As one of the primary means of constructing gendered identities, language is a matter of central concern to transgender people (Zimman 2018). In this talk, I highlight the burgeoning relationship between transgender communities, linguistics, and social justice, drawing attention to the role language has played in wider cultural orientations to transgender issues as well as the ways in which linguistics can be at the forefront of this critical activism. By way of example, I report on joint work with Elizabeth Cowper (in prep.) on the non-binary usage of singular they; that is, they as used to refer to individuals whose gender identity is not, or is not exclusively, masculine or feminine (1). Despite they's widespread usage, not all speakers judge this most recent innovation to be grammatical, even if they do not object to singular they in quantified (2), generic (3), or otherwise gender non-specific (4) contexts and would produce such examples natively.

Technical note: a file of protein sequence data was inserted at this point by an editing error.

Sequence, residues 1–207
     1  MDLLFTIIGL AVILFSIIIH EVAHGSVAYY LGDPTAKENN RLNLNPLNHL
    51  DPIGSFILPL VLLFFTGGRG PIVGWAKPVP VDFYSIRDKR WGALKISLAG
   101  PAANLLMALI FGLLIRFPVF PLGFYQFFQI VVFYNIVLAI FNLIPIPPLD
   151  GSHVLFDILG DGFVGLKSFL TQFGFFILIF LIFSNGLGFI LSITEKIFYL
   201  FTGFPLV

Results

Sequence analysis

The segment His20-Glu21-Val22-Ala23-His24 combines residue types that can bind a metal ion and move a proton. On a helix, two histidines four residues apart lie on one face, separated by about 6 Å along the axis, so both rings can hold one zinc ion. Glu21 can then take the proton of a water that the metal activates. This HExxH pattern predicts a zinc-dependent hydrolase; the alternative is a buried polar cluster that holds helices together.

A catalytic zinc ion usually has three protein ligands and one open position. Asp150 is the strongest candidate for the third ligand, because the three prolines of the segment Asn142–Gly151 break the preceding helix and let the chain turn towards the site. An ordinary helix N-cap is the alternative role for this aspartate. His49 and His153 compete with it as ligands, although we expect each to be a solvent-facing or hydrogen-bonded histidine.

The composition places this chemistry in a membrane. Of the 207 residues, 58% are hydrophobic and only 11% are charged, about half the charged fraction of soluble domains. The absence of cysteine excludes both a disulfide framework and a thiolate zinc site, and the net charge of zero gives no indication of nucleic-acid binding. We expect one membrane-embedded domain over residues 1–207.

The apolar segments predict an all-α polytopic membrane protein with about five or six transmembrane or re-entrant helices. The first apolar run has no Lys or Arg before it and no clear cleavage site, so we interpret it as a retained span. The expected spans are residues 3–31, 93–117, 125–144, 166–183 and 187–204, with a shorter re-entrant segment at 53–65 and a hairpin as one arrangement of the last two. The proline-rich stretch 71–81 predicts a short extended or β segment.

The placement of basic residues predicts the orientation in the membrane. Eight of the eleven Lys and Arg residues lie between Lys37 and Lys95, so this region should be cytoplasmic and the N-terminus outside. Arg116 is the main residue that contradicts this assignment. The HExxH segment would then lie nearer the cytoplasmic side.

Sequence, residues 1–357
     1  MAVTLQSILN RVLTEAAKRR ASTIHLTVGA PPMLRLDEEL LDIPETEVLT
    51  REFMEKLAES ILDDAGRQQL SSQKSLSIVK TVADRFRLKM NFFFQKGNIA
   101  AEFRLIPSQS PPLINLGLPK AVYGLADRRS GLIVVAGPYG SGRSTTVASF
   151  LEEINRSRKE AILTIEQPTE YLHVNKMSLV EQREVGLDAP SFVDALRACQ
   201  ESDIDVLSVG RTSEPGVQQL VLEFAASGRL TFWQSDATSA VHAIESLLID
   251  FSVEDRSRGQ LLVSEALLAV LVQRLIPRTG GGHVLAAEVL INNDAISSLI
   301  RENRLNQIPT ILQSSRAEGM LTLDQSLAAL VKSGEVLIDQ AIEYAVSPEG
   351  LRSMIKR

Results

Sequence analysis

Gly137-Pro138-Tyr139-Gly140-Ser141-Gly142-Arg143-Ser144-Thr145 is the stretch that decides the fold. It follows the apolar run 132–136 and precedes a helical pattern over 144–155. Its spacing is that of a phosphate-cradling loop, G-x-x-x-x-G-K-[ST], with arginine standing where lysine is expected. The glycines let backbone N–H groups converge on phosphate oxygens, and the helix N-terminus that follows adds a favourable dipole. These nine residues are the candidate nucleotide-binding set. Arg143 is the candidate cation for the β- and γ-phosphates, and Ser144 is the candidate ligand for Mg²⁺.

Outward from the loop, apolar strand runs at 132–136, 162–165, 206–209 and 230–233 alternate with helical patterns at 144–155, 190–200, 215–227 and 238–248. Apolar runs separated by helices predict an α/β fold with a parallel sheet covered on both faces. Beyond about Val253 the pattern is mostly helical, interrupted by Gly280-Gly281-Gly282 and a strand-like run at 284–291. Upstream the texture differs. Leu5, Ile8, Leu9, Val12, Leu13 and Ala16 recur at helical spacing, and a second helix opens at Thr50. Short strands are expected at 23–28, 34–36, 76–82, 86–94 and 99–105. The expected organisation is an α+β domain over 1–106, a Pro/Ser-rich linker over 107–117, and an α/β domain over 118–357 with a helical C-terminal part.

(1) When Arthuri arrives, please ask themi to fill out this form.|
(2) If anyonei comes to the door, tell themi to go away.
(3) The perfect studenti always finishes theiri homework.
(4) I heard they hired a new teacheri. I wonder which grade theyi’ll be assigned to.